My heart broke a bit earlier this summer at the news of Jennifer Garner and Ben Affleck’s divorce. After the demise of the relationships of Gwen Stefani and Gavin Rossdale, Miranda Lambert and Blake Shelton, and Kermit and Miss Piggy, suffice to say my perspective on love was shaken as so many couples I admired fell apart. I think it’s natural to seek answers once a relationship has ended, and now it seems we might be able to put a name and face to a factor in Garner and Affleck’s split. According to the usual tabloid gossip sources, Affleck allegedly carried on some sort of fling with the family’s former nanny, Christine Ouzounian. The allegations may not even be true, just vicious. Either way, reputations have been made or broken, and the public and media crave a glimpse into this intimate arrangement.
And it seems Ouzounian is more than happy to provide it.
Grantland detailed a timeline describing “nannygate” that includes the two being spotted outside Affleck’s house in July, and it’s believed he’s footing the bill for her stay at Hotel Bel Air. Last week photos were posted of Ouzounian en route to Vegas with Affleck alongside Tom Brady as she sported each of Brady’s Super Bowl rings on her fingers. Other recent photos feature the former nanny posing in front of a shiny new white Lexus convertible, which has made her easy for the paparazzi to spot.
This does not read like a woman shamed. She seems happy to provide insight and access to her life. In fact, so willing is Ouzounian to be in the public eye that she’s seeking to be on “The Bachelorette,” according to Gawker.
Ouzounian may or may not have carried on a relationship with a high-profile married man, but I think it’s fascinating that she seems to be basking in the attention either way. As a culture bombarded by a constant stream of news and gossip, scandals reign supreme in feeding our insatiable appetite for discourse. It’s almost a self-policing social strategy. We whisper (or write essays) about infidelities, try to make sense of them, pass judgment, the whole routine. But we also learn what happens when certain social barriers are broken.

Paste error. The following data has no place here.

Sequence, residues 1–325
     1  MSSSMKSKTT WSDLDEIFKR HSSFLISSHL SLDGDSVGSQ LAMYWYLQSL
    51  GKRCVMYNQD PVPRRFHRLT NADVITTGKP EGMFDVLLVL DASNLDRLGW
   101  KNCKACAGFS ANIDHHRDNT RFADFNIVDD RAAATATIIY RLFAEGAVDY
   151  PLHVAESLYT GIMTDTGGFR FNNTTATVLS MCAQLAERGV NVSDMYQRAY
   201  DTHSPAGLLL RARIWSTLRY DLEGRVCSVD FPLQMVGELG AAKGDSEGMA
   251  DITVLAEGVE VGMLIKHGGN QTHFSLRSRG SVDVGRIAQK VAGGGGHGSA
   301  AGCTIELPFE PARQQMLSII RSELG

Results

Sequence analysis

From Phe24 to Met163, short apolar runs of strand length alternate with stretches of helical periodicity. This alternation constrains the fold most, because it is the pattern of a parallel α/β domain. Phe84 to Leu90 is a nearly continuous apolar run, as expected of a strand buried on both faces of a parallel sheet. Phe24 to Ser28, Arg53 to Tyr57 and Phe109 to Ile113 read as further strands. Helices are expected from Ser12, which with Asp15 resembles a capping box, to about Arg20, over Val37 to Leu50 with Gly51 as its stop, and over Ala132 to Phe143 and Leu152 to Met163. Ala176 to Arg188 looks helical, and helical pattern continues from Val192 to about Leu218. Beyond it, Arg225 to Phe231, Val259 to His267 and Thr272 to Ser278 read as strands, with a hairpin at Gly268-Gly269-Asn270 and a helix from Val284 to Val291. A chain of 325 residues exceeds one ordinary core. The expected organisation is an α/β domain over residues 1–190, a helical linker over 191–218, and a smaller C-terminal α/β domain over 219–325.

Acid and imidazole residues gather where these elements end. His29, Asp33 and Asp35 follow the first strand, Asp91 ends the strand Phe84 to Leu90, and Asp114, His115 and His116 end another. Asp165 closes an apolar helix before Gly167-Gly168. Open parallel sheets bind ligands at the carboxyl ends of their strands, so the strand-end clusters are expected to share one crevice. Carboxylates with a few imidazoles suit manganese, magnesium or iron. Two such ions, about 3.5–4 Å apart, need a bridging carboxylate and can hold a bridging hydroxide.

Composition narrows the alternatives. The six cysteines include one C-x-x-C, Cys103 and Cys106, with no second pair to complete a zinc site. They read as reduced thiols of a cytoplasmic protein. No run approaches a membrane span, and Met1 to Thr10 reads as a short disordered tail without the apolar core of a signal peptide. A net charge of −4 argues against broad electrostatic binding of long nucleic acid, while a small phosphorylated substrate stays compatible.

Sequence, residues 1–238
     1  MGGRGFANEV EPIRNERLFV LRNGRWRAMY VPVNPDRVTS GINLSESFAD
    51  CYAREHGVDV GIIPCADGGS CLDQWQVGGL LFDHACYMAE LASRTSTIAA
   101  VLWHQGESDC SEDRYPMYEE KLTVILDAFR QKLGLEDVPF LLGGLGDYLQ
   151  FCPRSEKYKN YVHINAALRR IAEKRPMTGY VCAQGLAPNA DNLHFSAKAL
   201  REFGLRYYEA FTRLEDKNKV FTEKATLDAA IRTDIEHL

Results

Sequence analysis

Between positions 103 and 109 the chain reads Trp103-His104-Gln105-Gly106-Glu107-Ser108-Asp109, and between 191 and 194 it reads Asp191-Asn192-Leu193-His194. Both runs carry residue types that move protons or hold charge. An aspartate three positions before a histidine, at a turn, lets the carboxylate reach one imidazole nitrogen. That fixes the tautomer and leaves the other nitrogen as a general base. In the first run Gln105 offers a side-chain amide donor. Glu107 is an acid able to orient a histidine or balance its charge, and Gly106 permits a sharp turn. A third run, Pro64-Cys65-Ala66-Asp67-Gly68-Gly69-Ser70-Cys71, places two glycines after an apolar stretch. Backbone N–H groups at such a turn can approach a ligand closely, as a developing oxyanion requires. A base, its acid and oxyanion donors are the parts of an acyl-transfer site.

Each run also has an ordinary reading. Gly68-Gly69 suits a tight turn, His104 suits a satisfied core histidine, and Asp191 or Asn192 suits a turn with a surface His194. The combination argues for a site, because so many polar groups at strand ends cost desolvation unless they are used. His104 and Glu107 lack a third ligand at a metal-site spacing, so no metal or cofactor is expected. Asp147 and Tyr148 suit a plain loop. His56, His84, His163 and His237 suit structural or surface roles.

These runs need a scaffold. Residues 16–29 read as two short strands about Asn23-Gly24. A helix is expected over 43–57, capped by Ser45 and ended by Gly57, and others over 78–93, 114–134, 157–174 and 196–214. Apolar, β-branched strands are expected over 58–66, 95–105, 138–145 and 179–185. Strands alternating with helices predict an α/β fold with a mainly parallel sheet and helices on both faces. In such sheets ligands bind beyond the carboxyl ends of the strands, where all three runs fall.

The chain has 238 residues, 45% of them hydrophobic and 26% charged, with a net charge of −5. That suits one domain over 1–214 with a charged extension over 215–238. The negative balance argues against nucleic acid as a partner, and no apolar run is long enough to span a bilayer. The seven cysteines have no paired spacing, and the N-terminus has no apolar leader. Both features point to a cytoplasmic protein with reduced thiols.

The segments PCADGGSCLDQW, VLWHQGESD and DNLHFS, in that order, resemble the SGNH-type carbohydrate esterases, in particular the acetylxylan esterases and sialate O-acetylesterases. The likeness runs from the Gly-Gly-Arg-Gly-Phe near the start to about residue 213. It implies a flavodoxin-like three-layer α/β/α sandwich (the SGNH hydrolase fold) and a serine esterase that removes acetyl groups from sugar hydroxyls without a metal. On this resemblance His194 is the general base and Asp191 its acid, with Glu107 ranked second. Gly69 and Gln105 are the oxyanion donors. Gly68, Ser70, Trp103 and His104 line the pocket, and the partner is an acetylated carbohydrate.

In her book “How to Become a Scandal,” author Laura Kipnis writes, “Culture needs scandal, it’s a necessary feature of the system, a social purification ritual, with the socially non-compliant branded and expelled, allowing the system to assert itself and its muscle.”
As New York magazine points out, Ouzounian is subverting the social system by not demurring. Her brazen invitation for attention suggests she has nothing to lose — people are going to talk, and it’s almost a dare for us to watch her journey now that she’s crossed certain lines.
This, too has precedent. “Think of it as an unspoken sadomasochistic pact,” writes Kipnis, in which “scandalizers parade their irrepressible ids around in public, possibly even soliciting punishment, and the rest of us willingly deliver it.”
Knowledge of extramarital affairs exponentially increased in Europe after the Reformation as letter writing grew in popularity. Royals and noblemen penned letters to their mistresses, creating paper trails to their indiscretions. Since the invention of the printing press helped influence a rise in literacy, between-the-sheets activities of lovers were made available to readers on neatly printed pages.
Take Tiger Woods’ fall from grace, for example. In 2010, Vanity Fair featured the golf star’s many affairs in the magazine along with seductive photos by Mark Seliger in a piece called “Tiger Woods’s Inconvenient Women.”
The stories accompanied by the photos are almost as lascivious as the affairs themselves — a sexy cocktail of power, lust and attention that we may not necessarily want to find ourselves involved with, but that doesn’t stop us from fantasizing about it.
What’s missing from these scandals is the attachment we feel to marriages we used to romanticize, the Ben and Jens of the celebrity world. Far too often we rationalize transgressions with adages like “the heart wants what the heart wants,” but in the face of lust and scandal, we're reminded that at the end of the day, the thing the heart really needs is blood.